Wednesday, 29 February 2012

X-Men #4: "they hate us -- fear us"

The fourth issue of X-Men bursts with ideas new and old.  It features the first return of a villain - Magneto, who has assembled a "brotherhood of evil mutants" around him (a descriptive term which does not appear to be used by Magneto himself), going up another floor on the threat escalator. Although his identity is given away in the cover, the interior pages introduce his minions first, who refer merely to their "leader", and so avoids mentioning Magneto by name until his appearance on panel in page 6. We meet uncouth Toad, impulsive Pietro, proud, compassionate, Wanda and the aggressive Mastermind.

More importantly for the saga, Magneto is given a philosophical justification of sorts. He claims his coup d'├ętat in Santo Marco is necessary as homo sapiens hate and fear mutants, and they would "would kill [mutants] if only they could! We only fight in self defense!" Coupled with this, we see the first example of actual anti-mutant prejudice, in the flashback to Pietro and Wanda's origin story. An odd result of this is that Wanda's codename, "Scarlet Witch" was given to her by a villager from the lynch mob in the "heart of Europe". Her use of it is a reclamation of the term, and at this stage her powers are no more inherently magical than any those of any other mutant.

Then the X-Men arrive and ruin everything, defeating the Brotherhood after a series of thrilling fights. Pietro, moved by Wanda, disables the scorched earth bomb that Magneto has left behind, saving the innocent civilian population of Santo Marco. And, as a last gasp, Professor X incurs an enormous strain, resulting in his depowerment!

Continuity notes


First appearances of Toad, Quicksilver (Pietro), Scarlet Witch (Wanda), Mastermind, along with the return of Magneto. Pietro and Wanda are given an origin story, implied to have happened some time between issue #1 and #4. Xavier is depowered!

Tuesday, 28 February 2012

X-Men #3: "It is he! The one called the Blob!"

The first two issues of X-Men provide the template for one type of X-Men story - the X-Men are alerted to some evil mutant seeking to take his rightful place as Homo Superior - who they must defeat. X-Men #3 adds a new type of story, one essential to the mix, and yet of a kind that X-Men comics abandoned telling for several years recently (until the emergence of Generation Hope). The X-Men become aware of a new mutant - the Blob (who the cover correctly describes as "one of the strangest super-foes of all") - and seek to recruit him.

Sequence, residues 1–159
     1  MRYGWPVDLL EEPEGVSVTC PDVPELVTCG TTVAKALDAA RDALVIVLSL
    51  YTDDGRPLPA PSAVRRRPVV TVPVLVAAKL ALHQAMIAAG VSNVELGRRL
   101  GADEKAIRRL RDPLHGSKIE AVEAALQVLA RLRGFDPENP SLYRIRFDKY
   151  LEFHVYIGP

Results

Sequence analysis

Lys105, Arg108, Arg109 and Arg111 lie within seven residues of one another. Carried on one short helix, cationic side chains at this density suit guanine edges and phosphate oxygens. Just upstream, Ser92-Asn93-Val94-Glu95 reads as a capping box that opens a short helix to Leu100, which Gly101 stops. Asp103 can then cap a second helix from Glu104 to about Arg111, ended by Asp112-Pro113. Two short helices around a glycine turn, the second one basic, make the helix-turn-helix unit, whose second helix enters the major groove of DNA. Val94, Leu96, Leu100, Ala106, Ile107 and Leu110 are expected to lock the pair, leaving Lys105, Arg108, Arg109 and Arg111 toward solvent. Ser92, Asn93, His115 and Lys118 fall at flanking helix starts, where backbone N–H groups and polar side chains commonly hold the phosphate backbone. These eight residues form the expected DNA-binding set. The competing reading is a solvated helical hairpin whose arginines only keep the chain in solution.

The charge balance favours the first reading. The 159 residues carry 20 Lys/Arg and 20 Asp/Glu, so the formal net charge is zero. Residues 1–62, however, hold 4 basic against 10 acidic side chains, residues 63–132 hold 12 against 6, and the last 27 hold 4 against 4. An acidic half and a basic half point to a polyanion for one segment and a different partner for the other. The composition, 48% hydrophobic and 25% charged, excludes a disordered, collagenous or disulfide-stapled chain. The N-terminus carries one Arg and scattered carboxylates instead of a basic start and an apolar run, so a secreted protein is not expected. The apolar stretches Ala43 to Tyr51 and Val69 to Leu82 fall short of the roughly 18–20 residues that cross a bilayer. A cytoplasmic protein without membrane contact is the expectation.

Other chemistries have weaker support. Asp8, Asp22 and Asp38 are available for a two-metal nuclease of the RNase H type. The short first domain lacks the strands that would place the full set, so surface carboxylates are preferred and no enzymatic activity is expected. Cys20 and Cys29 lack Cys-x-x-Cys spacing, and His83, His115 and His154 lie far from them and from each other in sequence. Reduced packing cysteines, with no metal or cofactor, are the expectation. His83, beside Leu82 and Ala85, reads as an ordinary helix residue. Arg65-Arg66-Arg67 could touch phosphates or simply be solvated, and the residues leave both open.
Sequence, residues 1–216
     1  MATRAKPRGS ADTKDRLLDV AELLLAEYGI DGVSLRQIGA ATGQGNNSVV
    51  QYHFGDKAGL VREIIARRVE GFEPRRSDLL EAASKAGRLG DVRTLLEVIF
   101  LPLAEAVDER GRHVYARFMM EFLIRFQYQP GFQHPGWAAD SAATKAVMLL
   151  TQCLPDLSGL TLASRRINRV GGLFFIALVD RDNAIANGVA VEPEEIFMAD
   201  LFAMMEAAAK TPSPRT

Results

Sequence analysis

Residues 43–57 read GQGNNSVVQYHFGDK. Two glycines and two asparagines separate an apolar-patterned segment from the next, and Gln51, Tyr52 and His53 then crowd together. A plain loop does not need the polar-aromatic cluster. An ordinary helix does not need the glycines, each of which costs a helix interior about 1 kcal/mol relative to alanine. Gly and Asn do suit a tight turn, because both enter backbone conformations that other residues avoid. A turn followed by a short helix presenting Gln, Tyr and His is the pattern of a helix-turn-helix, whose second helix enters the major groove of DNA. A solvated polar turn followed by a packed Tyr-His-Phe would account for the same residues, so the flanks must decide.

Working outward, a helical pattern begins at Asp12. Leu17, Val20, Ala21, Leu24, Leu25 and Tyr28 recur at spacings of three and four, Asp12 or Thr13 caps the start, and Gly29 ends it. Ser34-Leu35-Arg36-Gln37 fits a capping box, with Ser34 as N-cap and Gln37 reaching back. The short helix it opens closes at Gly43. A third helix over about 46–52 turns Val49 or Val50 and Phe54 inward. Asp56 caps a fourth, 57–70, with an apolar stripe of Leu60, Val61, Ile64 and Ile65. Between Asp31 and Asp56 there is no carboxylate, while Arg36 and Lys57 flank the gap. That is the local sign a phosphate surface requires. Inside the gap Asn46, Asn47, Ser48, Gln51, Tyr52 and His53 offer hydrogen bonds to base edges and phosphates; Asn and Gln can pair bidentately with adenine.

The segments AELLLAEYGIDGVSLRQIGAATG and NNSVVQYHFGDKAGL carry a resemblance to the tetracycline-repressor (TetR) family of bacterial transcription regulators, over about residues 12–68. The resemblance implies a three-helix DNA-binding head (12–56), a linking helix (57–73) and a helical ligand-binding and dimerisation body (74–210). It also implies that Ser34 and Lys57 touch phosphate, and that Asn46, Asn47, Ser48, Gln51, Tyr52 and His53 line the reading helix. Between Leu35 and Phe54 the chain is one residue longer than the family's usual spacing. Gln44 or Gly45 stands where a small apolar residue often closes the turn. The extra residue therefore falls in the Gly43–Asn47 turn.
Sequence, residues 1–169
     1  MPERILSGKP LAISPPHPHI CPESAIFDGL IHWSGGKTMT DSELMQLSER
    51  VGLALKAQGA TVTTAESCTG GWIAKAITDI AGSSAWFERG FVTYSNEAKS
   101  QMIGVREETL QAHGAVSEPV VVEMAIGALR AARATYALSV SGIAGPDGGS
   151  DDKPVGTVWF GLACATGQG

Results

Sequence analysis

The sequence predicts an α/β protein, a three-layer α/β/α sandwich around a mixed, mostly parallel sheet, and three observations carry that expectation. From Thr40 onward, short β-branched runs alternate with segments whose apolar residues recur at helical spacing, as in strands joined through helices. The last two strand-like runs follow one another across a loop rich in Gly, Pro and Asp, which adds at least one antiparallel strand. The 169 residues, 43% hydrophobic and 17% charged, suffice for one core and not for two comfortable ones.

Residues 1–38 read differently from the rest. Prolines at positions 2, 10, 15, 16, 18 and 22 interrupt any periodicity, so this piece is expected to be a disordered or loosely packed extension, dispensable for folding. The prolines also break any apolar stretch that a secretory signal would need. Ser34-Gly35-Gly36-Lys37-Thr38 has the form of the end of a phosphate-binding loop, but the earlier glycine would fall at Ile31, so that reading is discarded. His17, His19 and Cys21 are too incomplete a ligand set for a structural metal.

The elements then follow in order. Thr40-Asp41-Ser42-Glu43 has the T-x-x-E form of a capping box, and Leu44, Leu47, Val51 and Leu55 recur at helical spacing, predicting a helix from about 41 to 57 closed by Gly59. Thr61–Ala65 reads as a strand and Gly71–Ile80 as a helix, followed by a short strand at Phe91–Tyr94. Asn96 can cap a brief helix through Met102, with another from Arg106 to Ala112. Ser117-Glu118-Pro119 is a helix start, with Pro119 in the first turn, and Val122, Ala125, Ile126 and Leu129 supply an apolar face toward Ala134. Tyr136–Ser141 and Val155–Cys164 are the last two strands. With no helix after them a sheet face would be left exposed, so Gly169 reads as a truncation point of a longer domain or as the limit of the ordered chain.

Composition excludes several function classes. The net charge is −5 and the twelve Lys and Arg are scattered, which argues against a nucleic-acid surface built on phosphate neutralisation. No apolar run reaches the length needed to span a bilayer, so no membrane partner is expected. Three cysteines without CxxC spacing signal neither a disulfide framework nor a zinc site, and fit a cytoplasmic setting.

The Blob, who they find working as an attraction in a carnival, is brought to the mansion under protest, and declines to join the X-Men. One might wonder whether Cyclops picking a fight within him is something to do with this. Xavier's reaction is the remarkable

This is unheard of! No one has ever refused us before! You cannot be permitted to leave now that you know our identities -- it is out of the question!
Stop him, my X-Men!  I must drive this memory from his mind!  Take him to my lab!

At least Xavier realises he's made a "really serious mistake" a few pages later.   The Blob runs off, gets his colleagues at the roadshow to join him, and then makes a pre-emptive attack on the X-Men.  Having driven Magneto and the Vanisher away in the first two issues, it is a little undignified that the attractions nearly defeat the X-Men, being saved only at the last possible moment by Xavier directing a subdued Jean.  This time, Xavier only removes the memory of the X-Men from the antagonists' minds, rather than the full mindwipe we saw in #2 - a rather more proportionate response. By the logic of the "sliding scale of villain threat" we take away that the Vanisher is a more powerful threat than Magneto, and that the Blob (with allies) outweighs both of them.

Away from the plot, we see characterisation developed here.  Beast is now Beast, complete with long words and an avowed aversion to violence.  The first issue saw general leching over Jean from a mass of undifferentiated boys.  It now becomes a bit better drawn, with Hank, Bobby and Warren all competing for her affections, but Jean picking Scott instead.  Poor repressed Scott, who we learn here dares not open up while he "possess[es his] dread power".  The most disturbing aspect of this is that every named character appears to be carrying the torch for Jean.  Xavier has the thought bubble
"Don't worry"!  As though I could help worrying about the one I love!  But I can never tell her!  I have no right!  Not while I'm the leader of the X-Men, and confined to this wheelchair!

I'm not even going to try to unpack all the fail in that sentence.  Thankfully the matter is never referred to again.

And so we have a X-Men story that resembles the X-Men a little more.  Characters for Beast and Cyclops, and a bit of interpersonal dynamics, a new mutant emerging and our merry mutants needlessly antagonising them.

Continuity notes

First appearance of The Blob [no name given]; Cyclops named as "Scott Summers"; first appearance of Bobby Drake in de-iced form.

Monday, 27 February 2012

X-Men #2: Wherein Professor Xavier is a jerk

The first issue of X-Men introduced seven main characters who appear in X-Men comics to this day, some of which have become icons of pop culture. The second issue introduces The Vanisher.